There are over 100 universities participating in the "Open Courseware Consortium", at http://www.ocwconsortium.org/. Shared resources include class notes, presentation videos, simulations, and student projects. In speaking with classroom teachers, I've repeatedly heard a hesitancy towards embracing these resources. What are your thoughts on why this is?Posted by: Brian Dixon from High Tech High Flex

Erin Dillon from Education Sector responds:

In an article published last year in Education Next, Clayton Christensen and Michael Horn wrote that "computers typically sit quietly, unused, in computer labs and in the back of classrooms". As Christensen and Horn describe, despite predictions that computers would revolutionize the education system, they have instead become an add-on to the existing classroom structure, and little about the typical classroom experience has changed as a result.

I think we're seeing a similar experience with the online curriculum that is available from the OpenCourseWare Consortium and many other web-based providers. So long as these resources are viewed as a supplement to the traditional school curriculum, they won't dramatically change the way education is delivered and adoption is likely to be slow and inconsistent. Perhaps instead of marketing these resources to traditional classroom teachers, for whom these resources are an add-on to what they are already doing, online curriculum providers should be targeting parents and students who are interested in learning outside of the traditional classroom, and teachers who are interested in teaching outside of the traditional classroom.

Tom Vander Ark from Vander Ark/Ratcliff Partners responds:

With the growth of $99/mo colleges where students can finish general requirements for a couple thousand dollars, I think we'll see more state universities getting on the bus.  They will face falling revenue, declining enrollment, and high fixed costs--for many, the current budget crisis will only get worse as they become less competitive.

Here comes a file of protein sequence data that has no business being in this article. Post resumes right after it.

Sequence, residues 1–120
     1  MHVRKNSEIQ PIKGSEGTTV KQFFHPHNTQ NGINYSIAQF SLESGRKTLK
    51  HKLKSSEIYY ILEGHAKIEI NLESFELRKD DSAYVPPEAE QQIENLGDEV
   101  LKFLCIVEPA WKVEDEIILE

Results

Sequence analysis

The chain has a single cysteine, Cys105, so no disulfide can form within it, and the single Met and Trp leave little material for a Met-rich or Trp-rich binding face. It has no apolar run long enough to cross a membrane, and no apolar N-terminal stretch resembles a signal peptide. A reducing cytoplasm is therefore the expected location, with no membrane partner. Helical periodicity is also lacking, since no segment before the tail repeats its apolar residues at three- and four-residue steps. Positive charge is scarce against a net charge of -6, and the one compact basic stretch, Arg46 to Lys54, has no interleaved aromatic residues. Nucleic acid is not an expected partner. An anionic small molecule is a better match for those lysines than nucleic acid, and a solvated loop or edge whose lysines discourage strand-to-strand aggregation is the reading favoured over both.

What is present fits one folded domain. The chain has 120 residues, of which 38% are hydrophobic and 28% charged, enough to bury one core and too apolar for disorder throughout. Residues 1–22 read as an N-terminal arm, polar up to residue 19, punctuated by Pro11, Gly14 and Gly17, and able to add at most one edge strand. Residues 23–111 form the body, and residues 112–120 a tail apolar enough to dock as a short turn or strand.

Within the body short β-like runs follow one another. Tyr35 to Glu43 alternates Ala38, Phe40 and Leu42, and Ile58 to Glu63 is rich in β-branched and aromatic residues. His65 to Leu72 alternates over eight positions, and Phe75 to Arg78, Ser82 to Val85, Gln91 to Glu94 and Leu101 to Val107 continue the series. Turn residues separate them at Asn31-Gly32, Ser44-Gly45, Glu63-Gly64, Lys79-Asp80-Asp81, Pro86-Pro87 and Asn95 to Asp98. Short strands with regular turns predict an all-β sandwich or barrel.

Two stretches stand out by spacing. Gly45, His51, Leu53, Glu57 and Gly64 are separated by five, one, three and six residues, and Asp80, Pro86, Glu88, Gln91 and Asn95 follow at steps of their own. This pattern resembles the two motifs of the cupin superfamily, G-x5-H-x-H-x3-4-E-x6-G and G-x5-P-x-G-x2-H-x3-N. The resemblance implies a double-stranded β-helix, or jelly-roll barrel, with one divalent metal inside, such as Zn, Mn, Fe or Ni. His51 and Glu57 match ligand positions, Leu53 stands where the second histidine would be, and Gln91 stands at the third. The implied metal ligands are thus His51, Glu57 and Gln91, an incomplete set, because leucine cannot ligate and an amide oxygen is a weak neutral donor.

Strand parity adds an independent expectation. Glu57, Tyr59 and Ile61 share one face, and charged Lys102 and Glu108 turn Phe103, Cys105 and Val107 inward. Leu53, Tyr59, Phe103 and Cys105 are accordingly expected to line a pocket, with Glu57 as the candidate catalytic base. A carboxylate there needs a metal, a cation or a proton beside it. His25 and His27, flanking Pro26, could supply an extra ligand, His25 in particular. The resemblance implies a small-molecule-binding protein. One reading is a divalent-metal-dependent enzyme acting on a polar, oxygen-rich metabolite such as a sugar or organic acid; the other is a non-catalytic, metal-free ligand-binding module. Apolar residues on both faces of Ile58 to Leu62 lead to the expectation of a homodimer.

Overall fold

Do you think that key to this emergence of choice for students in their learning will emerge because of platforms or LMS's that come on the scene to open up portals to students and teachers? If so, what platforms are emerging that you see as promising, and how—or where—do you think they will actually gain adoption so that they are used?Posted by: Michael Horn from Innosight Institute

Tom Vander Ark from Vander Ark/Ratcliff Partners responds:

  1. Multiple provider transcript: Students can increasingly assemble a high school transcript from a variety of sources including home high school, one or more virtual providers, and dual enrollment from a college.
  2. Credit recovery: most schools/districts will adopt an accelerated credit recovery strategy that involves an outside provider--an ESP like AdvancePath (a Revolution portfolio company) or vendor like Compass, Plato, NovaNet or SuccessMaker